PRAGUE, July 23 Slovak police searched offices of the country's main electricity producer Slovenske Elektrarne, majority owned by Italy's Enel, to collect documents in an investigation into what police said was a serious mismanagement of assets.
Police and other officials did not say whether any charges had been brought in the case, or if it involved any company representatives.
Slovenske Elektrarne said it was cooperating with police.
Some of the documents sought may be related to the firm's privatisation by a centre-right government nearly a decade ago, said a spokeswoman for the economy ministry, which oversees the government's minority stake in the firm.
Slovakia's government is currently headed by leftist prime minister Robert Fico, who has been critical of the handling of the privatisation.
"The Ministry of Economy ... was informed by the Presidium of the Police Force of the Slovak Republic about police action executed today, during which certain documents of the company Slovenske Elektrarne were seized," spokeswoman Miriam Ziakova said in an emailed statement.
She added "some documents may be from the period of privatisation."
The police said the documents were connected to a criminal investigation but declined to provide more details.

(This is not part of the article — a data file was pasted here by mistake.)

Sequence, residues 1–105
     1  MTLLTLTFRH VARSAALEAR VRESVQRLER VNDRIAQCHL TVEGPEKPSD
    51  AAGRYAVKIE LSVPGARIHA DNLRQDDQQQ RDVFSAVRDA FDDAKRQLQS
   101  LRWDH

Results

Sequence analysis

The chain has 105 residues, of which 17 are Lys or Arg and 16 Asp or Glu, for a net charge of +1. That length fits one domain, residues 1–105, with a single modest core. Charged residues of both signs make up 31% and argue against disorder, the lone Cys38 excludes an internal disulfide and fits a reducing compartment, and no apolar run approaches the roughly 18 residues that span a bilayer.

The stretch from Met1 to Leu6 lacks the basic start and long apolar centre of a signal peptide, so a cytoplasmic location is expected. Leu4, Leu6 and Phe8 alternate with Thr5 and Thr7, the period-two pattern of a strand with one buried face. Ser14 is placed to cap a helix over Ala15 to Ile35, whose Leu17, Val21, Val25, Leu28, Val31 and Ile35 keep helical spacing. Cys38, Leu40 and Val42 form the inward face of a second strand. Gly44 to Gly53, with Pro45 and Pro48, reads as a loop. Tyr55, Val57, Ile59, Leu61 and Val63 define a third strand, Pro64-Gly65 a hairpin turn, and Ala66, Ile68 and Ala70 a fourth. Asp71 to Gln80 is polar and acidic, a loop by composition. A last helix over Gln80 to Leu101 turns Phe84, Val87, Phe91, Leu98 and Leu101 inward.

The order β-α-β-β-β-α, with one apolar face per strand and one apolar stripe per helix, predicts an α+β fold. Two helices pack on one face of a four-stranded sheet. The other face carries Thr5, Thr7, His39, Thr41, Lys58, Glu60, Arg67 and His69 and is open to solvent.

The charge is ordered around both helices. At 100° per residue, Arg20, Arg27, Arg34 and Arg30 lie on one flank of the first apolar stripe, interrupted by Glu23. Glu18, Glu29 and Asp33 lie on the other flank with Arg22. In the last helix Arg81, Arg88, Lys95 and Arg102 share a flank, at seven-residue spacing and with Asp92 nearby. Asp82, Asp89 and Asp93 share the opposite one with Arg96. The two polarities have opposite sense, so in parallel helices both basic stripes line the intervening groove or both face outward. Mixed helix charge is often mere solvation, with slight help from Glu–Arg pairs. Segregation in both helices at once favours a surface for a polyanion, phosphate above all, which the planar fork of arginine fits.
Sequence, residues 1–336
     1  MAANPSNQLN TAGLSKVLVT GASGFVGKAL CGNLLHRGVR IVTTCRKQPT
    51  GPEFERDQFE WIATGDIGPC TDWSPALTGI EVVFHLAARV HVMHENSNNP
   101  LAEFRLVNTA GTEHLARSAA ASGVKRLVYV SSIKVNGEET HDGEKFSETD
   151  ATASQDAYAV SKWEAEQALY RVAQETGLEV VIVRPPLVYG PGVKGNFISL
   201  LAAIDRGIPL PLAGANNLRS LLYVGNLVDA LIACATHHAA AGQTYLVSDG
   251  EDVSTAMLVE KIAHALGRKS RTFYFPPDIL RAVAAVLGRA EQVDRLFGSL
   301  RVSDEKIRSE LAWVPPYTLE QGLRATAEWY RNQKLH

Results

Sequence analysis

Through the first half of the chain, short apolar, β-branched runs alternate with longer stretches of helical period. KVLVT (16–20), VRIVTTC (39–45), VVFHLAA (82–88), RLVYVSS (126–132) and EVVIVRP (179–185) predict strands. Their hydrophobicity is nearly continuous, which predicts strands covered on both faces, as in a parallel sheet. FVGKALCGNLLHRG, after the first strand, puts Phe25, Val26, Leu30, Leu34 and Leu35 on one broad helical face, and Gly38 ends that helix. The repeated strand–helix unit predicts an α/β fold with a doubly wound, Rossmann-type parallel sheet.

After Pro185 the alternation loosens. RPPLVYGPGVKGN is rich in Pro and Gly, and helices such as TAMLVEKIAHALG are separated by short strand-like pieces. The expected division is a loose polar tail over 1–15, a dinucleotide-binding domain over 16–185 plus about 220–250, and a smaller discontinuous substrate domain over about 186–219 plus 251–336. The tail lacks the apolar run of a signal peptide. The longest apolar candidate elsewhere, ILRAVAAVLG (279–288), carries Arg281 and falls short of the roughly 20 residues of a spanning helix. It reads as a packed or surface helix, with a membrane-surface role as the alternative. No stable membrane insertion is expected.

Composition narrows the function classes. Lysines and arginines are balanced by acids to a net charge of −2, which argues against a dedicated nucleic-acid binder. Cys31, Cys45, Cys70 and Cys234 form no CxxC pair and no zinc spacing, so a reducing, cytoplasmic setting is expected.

"At this moment, we can only confirm that since June 30 of this year the police have carried out an investigation into an especially serious crime of violating obligations in managing third-party assets and a crime of misrepresenting financial and commercial records," police spokesman Michal Slivka said.
Enel took a 66 percent stake in Slovenske Elektrarne in 2006, paying the Slovak state 839 million euros ($1.1 billion). The stake was privatised under former Prime Minister Mikulas Dzurinda's government.
"We are analysing the documents provided and are cooperating with the police based on its requests," Slovenske Elektrarne spokeswoman Jana Burdova said.
Enel did not give further comment.
Earlier this month, the Italian energy group began the sale process of its Slovenske Elektrarne stake as part of a broader asset disposal programme.
($1 = 0.7426 Euros) (Reporting by Jason Hovet and Jan Lopatka; Editing by Mark Potter)